Doctoral candidate in School of Politics and International Studies, University of Leeds.
Specialist Research Areas: Prevent, UK Counterterrorism, Threat Construction, Intersectionality
Natalie is currently undertaking her PhD in Politics at the University of Leeds. Her research focuses on the UK’s Counter-terrorism policy ‘Prevent’ where she is conducting an intersectional feminist analysis of experiences of the Prevent Duty in the Further Education sector. She holds a BA(hons) in Politics and an MSc in Politics and Research Methods from the University of Sheffield.
Natalie’s research is inspired by an interest in how we understand the “terrorist” and “extremist”, what labels we use to define them, and therefore how we approach countering and ‘de-radicalising’ them. More recently, her interests have been shaped by the normalisation of counter-terrorism through the introduction of the Prevent Duty, a statutory obligation for public sector workers to protect those vulnerable to engaging in terrorist or extremist activity. Focusing on the sector of further education, Natalie’s research is underpinned by intersectional feminism to uncover the layers of privilege and oppression in experiences of the Prevent Duty which help us understand how gender, social class, ethnicity, sexuality, (dis)ability, amongst others, influence the way we view who the terrorist is and how we go about ‘Preventing’ them.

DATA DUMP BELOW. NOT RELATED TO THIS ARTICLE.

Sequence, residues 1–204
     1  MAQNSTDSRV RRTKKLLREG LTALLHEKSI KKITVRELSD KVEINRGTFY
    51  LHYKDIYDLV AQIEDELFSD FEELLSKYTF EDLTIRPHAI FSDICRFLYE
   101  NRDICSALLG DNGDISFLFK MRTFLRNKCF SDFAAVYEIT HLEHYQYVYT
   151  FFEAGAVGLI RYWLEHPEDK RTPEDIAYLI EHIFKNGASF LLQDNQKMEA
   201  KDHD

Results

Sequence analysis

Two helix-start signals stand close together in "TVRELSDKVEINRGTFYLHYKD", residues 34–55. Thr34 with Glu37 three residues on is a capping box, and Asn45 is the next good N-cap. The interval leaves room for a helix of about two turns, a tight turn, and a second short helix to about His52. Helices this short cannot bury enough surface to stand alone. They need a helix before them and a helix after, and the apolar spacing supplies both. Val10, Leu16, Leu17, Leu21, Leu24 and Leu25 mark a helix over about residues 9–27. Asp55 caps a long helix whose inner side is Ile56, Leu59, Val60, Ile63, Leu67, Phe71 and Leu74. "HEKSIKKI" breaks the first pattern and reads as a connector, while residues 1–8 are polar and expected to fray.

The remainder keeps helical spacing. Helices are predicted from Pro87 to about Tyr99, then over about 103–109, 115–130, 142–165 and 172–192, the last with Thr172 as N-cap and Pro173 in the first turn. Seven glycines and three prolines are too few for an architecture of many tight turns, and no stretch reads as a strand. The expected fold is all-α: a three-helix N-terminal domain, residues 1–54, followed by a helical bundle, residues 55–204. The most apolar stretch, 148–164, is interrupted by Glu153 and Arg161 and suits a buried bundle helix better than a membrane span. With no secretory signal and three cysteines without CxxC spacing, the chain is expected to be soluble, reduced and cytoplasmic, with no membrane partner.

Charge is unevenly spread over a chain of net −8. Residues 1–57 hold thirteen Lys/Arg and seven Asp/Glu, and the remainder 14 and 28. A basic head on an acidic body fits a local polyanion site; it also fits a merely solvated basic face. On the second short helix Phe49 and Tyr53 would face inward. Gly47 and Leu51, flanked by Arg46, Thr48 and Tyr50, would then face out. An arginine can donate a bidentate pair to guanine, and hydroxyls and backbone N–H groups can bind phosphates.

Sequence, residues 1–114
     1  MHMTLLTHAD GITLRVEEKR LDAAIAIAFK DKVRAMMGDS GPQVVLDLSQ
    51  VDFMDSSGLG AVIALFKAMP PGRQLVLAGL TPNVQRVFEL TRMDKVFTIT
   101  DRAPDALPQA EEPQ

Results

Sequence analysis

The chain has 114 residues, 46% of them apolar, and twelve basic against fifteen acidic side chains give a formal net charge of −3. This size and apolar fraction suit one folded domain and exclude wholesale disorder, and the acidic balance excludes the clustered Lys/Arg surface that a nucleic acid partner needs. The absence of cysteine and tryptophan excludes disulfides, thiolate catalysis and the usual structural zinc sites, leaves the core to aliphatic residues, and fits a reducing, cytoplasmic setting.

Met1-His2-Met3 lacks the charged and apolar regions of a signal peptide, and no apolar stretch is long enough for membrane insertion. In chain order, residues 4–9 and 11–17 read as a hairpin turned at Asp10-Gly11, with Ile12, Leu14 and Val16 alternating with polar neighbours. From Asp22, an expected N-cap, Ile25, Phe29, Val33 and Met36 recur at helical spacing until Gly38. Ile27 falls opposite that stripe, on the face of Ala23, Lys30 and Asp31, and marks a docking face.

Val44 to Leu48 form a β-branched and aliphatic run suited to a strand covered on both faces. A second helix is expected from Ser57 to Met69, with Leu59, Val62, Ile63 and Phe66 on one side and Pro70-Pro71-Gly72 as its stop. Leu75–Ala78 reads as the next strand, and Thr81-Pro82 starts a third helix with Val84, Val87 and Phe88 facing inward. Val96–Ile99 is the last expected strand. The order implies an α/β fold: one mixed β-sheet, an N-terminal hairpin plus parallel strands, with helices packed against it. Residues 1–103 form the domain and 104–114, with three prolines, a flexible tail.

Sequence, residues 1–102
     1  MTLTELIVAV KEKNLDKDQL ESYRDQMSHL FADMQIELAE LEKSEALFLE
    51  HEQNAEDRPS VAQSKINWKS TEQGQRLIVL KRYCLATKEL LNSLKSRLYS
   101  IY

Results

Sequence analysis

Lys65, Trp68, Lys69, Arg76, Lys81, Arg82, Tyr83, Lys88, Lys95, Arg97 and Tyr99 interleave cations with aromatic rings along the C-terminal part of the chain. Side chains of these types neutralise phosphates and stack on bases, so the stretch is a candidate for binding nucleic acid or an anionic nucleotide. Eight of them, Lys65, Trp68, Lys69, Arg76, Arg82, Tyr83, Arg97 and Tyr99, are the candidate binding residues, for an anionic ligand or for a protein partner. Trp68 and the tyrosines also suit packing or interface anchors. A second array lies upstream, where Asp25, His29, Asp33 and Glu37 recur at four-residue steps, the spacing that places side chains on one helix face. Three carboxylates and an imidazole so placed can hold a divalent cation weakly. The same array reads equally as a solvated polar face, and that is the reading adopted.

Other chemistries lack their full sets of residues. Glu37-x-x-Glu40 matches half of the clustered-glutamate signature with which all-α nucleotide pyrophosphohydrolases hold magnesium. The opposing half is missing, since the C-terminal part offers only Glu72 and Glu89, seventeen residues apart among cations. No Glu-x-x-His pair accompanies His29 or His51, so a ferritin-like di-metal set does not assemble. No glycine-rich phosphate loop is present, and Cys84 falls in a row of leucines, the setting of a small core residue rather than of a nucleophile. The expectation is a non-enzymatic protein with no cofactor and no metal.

Natalie has presented her research at a number of conferences and is currently working towards publications whilst teaching undergraduates within the School of Politics and International Studies at the University of Leeds. She also works on outreach programmes as an Education Outreach Fellow and Widening Participation Officer to encourage students to engage with political studies.
Specialist research areas:
Prevent; British values; intersectionality; feminism; Counter-terrorism; UK Counter-terrorism policy; education; extremism; radicalisation.